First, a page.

g [1.5.61-ga5f362ccc1, )" or update the version field in the nuspec.\r [C:\Users\andre\OneDrive\Documents\Visual Studio 2017\Projects\ConsoleApp1\ConsoleApp1\ConsoleApp1.csproj]

In fact I shouldn't even have to specify DevelopmentDependency="true" in my reference because the nuspec of the referenced package itself has that property set.

@davidfowl

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commented Dec 18, 2016

You're aiming to have this package excluded from the output package right?

@AArnott

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commented Dec 18, 2016

Correct: no dependency, no embedding.
And thus no restriction on using unstable packages while building a stable one.

@emgarten

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commented Dec 18, 2016

PrivateAssets is the equivalent.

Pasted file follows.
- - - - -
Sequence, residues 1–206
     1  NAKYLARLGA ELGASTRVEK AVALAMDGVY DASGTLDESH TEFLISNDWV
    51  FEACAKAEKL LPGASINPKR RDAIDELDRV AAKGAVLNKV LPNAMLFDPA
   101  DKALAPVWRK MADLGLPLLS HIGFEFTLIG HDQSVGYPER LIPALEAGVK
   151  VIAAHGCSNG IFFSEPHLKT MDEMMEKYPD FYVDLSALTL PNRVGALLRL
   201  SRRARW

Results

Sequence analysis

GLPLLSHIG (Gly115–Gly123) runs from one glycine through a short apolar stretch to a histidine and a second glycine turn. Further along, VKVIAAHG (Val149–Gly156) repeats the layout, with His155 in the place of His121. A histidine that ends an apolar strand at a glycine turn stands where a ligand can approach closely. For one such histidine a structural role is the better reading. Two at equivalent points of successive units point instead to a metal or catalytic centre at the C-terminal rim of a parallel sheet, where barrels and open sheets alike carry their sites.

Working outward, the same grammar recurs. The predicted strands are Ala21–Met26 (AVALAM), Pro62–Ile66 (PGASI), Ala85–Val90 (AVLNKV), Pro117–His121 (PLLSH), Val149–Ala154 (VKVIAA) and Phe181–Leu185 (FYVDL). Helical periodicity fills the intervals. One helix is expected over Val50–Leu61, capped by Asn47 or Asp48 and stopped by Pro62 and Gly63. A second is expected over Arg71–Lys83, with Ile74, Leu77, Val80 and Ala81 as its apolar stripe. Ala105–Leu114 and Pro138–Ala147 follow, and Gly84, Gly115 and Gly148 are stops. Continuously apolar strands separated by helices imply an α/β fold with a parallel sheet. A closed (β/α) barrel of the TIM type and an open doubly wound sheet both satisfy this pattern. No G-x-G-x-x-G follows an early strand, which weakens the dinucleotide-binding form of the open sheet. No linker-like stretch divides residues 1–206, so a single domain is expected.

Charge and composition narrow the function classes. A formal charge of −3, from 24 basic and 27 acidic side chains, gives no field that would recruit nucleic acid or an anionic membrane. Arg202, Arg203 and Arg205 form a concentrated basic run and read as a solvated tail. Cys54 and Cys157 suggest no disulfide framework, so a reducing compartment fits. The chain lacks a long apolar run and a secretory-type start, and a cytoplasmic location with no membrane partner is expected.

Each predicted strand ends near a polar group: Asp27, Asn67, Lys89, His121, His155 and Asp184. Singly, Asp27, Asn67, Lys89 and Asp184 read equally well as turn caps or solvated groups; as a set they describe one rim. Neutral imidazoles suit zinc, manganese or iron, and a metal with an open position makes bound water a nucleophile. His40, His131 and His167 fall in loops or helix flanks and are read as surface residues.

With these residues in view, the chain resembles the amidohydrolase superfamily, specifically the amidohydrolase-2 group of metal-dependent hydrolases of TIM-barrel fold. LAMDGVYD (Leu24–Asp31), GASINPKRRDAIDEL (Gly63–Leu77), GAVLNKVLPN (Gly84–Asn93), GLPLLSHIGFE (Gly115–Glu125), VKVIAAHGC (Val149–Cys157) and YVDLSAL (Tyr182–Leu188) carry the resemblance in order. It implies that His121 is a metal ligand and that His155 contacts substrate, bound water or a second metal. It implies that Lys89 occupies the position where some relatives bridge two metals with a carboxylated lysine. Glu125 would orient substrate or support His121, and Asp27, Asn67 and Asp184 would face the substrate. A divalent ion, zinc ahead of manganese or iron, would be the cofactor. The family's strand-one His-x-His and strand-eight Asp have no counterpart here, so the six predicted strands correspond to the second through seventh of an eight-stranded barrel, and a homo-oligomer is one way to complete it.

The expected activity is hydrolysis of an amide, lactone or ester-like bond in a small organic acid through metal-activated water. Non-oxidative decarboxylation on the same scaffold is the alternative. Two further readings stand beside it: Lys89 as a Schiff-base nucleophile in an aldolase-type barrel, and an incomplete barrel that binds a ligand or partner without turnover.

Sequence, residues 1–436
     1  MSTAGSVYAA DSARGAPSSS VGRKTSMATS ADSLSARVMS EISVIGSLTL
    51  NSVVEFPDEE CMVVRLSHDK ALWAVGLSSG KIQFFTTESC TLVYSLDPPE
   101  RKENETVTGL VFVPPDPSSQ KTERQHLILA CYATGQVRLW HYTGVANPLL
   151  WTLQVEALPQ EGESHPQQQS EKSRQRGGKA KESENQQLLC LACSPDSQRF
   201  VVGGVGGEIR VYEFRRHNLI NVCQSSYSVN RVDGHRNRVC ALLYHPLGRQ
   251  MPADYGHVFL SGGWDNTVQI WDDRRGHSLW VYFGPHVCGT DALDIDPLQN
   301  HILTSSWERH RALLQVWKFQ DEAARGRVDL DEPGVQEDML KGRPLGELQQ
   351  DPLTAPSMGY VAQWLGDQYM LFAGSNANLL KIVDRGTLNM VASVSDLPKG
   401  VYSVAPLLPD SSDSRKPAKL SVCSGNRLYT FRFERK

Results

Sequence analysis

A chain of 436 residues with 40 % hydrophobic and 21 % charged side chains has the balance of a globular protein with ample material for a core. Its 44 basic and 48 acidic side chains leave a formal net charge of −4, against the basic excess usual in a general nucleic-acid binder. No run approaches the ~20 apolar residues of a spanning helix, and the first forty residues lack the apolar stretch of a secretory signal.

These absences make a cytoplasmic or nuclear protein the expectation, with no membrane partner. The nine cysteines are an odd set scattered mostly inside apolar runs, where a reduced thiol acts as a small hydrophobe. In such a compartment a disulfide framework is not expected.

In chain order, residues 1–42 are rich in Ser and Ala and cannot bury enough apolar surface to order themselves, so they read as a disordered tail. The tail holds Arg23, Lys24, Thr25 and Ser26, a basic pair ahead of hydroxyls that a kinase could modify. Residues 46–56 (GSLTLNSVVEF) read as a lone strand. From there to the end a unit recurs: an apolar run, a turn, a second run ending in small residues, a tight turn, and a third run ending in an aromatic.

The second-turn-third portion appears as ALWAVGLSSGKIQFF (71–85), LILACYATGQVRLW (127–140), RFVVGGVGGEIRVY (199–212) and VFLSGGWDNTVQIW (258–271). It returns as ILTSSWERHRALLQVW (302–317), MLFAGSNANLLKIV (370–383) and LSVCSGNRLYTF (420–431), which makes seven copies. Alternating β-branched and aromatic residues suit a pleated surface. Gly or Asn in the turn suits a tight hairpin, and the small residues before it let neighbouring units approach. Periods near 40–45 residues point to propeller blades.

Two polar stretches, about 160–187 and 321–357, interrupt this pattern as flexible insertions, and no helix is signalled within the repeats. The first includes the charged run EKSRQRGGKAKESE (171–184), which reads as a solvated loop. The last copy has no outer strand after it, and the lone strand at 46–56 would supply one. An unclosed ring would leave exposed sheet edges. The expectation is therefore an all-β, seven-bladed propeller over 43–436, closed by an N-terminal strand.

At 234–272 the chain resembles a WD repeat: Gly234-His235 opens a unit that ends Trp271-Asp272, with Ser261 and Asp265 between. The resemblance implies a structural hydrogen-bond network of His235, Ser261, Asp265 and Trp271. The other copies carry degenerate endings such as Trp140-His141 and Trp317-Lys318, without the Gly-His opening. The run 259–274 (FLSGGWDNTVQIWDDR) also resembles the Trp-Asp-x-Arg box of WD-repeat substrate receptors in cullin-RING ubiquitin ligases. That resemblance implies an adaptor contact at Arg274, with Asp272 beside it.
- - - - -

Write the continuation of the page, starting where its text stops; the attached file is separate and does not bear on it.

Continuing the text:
<PackageReference Include="Nerdbank.GitVersioning" Version="1.5.28-rc">
   <PrivateAssets>all</PrivateAssets>
</PackageReference>
@AArnott

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commented Dec 18, 2016

Thanks @emgarten. Should that be a default then when the package's own nuspec sets DevelopmentDependency=true?

Also, I'm guessing that's not quite equivalent to what we have in project.json (in an MSBuild project). I can add a package dependency to a developmentDependency package and that propagates across project references (as I usually want), yet that doesn't limit my ability to compile those projects into stable packages that don't depend on it. Your PrivateAssets=all metadata suggests to me that it won't propagate across P2Ps.